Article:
Make Word Recognition Skill
Development in Kindergarten
Worthy of Effort

 

In kindergarten reading, word recognition skill represents the ways and means to gain access to unfamiliar words in written texts. It's a process that leads to successful reading.

To the mature reader, the skills developed through school and life experiences are integrated and used, automatically. They allow the reader to maintain the pace of reading with minimal delay.

To the beginning reader, word identification is a complex set of skills developed in a systematic way...after many years in elementary school. These skills help the reader work through unknown words. They are also known as word attack skills.

Word recognition, word identification, word attack, and decoding skills are four terms that are used to describe what we do when we encounter new...or unfamiliar words when reading written communications. They are often used interchangeably. Some reading teachers make fine distinctions between each of these terms despite their interchangeable use.

Those distinctions have very little impact on word identification skills appropriate to the kindergarten child. That said, it is important to note that

...the trend in North American schools

is to download onto the Kindergarten teacher, skill development that traditionally...

belonged in first grade.

In fact, in some states in the US and provinces in Canada, there are prescribed skills that must be acquired within specific timelines. The impact of no child left behind is placing an enormous amount of pressure on kindergarten children. 

Just as there are many ways to get from Vancouver to Miami, so, too, are there many ways to acquire the pre-reading and word recognition skill needed to be comfortable with the learning requirements of first grade.

If you have to get to Miami by the next day, the obvious answer is to fly directly, if possible. If you have five days, you might choose to drive the shortest route. Given a month or more, you might choose to drive the US Highway system instead of using Interstate highways. You might choose to go down the West Coast and across the Southern States...or...the Northern States across and the Eastern Seaboard south. The time factor allows for many routes and stops along the way.

Is there a relationship here?

I think so. If we focus too much on individual word recognition skill, we may, inadvertently, miss the proverbial forest for the trees.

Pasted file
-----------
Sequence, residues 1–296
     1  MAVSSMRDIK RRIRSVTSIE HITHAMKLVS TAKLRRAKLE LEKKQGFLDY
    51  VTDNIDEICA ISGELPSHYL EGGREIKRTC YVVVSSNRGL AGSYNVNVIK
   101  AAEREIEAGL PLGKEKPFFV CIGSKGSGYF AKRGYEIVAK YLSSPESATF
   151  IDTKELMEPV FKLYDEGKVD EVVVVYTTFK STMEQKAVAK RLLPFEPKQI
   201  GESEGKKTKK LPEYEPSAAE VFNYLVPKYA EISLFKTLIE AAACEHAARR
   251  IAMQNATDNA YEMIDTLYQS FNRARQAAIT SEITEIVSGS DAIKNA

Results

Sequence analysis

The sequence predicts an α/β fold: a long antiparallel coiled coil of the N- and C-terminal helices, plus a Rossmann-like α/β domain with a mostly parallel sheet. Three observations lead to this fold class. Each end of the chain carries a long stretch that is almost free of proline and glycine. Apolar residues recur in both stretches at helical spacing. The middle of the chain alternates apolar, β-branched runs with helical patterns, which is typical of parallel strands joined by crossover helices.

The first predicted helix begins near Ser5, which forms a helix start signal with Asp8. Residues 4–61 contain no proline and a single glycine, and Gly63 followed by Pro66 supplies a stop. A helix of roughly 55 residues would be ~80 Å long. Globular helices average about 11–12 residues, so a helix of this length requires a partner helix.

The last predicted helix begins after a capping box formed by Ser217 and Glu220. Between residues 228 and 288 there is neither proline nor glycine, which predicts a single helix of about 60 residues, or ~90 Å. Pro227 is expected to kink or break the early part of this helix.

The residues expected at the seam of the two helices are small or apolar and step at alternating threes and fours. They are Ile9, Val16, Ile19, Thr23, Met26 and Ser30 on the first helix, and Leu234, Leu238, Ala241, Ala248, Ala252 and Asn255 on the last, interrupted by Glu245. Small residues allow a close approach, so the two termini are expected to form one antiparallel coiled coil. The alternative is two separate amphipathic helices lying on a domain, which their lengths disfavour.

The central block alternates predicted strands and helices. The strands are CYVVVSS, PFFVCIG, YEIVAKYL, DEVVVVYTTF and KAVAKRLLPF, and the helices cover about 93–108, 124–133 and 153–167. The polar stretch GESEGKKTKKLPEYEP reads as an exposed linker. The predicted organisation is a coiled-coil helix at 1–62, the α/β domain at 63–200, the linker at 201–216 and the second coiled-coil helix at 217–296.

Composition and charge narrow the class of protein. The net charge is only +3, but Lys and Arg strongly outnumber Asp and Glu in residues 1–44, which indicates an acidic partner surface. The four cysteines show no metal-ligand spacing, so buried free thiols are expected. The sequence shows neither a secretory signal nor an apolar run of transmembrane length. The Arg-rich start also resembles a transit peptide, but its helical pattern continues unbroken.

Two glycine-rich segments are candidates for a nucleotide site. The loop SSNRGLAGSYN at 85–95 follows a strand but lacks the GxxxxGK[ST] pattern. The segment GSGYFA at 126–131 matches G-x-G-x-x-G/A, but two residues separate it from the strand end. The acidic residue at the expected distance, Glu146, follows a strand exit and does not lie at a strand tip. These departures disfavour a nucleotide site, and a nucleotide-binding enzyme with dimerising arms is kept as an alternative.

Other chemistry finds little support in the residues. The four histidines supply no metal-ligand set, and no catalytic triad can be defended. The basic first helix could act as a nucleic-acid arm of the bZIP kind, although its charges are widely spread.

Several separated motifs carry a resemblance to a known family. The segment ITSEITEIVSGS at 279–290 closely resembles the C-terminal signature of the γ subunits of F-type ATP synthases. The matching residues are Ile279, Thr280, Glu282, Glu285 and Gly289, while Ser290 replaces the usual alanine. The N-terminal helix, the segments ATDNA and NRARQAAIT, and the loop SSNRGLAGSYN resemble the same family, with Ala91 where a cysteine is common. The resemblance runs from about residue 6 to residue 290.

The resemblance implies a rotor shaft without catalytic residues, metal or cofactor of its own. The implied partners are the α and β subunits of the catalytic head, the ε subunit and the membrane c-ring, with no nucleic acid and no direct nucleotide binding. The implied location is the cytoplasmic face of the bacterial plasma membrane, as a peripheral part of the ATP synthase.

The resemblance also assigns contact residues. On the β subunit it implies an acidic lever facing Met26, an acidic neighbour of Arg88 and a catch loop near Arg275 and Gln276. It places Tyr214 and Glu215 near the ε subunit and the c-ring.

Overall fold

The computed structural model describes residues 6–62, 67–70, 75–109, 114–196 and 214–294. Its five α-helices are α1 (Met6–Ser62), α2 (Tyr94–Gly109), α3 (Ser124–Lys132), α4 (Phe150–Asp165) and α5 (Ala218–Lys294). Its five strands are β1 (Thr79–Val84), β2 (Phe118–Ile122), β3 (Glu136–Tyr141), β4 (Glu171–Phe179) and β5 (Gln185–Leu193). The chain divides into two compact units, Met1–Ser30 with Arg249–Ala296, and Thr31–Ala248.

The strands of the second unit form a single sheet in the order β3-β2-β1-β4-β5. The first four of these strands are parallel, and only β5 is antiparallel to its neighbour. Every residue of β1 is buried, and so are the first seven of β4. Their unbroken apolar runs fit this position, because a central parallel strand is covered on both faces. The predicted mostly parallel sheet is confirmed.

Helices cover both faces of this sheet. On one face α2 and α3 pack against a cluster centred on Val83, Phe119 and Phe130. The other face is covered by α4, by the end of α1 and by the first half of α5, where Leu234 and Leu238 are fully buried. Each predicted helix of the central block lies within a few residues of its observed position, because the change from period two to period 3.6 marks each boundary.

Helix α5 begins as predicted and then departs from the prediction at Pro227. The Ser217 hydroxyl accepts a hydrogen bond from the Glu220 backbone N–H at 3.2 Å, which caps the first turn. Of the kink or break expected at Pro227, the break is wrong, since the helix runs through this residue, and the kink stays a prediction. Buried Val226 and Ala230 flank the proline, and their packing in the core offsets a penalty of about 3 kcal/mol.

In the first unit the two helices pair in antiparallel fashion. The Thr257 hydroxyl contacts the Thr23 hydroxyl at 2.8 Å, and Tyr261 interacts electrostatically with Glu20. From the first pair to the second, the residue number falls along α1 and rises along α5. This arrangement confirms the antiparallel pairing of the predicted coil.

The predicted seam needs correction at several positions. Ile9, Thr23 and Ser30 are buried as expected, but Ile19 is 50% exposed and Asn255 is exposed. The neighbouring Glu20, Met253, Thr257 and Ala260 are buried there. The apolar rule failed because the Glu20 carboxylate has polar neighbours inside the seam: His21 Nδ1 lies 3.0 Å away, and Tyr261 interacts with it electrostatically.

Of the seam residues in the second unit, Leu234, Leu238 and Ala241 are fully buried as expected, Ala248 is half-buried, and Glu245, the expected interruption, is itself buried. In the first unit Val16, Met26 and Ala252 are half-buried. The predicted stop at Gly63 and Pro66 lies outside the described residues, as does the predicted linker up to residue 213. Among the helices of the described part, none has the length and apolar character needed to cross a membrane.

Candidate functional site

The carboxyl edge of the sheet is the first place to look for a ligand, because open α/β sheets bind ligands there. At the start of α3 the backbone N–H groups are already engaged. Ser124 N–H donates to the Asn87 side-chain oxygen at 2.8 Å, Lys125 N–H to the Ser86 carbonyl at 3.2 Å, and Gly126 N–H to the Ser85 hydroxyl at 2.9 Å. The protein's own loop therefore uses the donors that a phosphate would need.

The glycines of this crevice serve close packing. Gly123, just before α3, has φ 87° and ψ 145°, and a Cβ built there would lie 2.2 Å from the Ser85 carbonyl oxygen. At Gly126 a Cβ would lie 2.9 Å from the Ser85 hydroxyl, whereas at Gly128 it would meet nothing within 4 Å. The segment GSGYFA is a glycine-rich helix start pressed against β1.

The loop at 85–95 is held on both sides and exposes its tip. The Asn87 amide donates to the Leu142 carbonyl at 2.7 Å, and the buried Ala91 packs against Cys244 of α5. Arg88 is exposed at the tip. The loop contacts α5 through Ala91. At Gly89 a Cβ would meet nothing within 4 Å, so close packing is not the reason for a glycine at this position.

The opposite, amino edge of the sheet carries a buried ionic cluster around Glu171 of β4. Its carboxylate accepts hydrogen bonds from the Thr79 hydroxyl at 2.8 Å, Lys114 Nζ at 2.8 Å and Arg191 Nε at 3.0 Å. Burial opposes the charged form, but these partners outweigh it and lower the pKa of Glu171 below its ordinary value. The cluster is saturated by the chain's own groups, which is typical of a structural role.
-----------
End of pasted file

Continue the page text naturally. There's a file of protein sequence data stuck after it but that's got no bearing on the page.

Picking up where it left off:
What is the goal of word recognition skill?

To get to reading and understanding communications in writing!

It is a given that, if your child has learned to speak the target language of the reading program, in this case English, she has learned the sound system of the language. The purpose of word recognition skills is to apply the sounds of the language to their written equivalents.

Since those written equivalents combine and recombine the letters of the alphabet...

is there a way...

to apply letter-name recognition in a realistic way...

to set-up your child

to gain the word attack skills needed...

to learn to read, easily?

Is there a powerful way to instill decoding skills in as natural a way as learning to speak? 

What are the real differences between the way we teach children to read and to speak?

Reading is taught formally.
Teaching children to speak is taught informally.

No parent sets a child down...
for a formal lesson in speaking!

Parents don't insist that toddlers use standard language in order to have a request fulfilled.. 

or to acknowledge communication.

If the toddler says, "Them's Billy's shoes!" Mom or Dad is likely to acknowledge the truth of the statement over the form. They will model the correct form by saying, "Yes. Those are Billy's shoes."

If the shoes aren't Billy's, they will say, "No. Those aren't Billy's shoes. They are Johnny's shoes."

Mom and Dad know that the correct form goes into the data bank for use at some future time. 

In the same way, a natural way to get to the goal of reading text can be had by extending alphabet knowledge. This is done easily by

...integrating an earlier skill

through the practice of letter naming the words in written texts, where the letters are...

in random order.

How can word recognition be done in this way? 

Take your child's favorite book...or one familiar to him.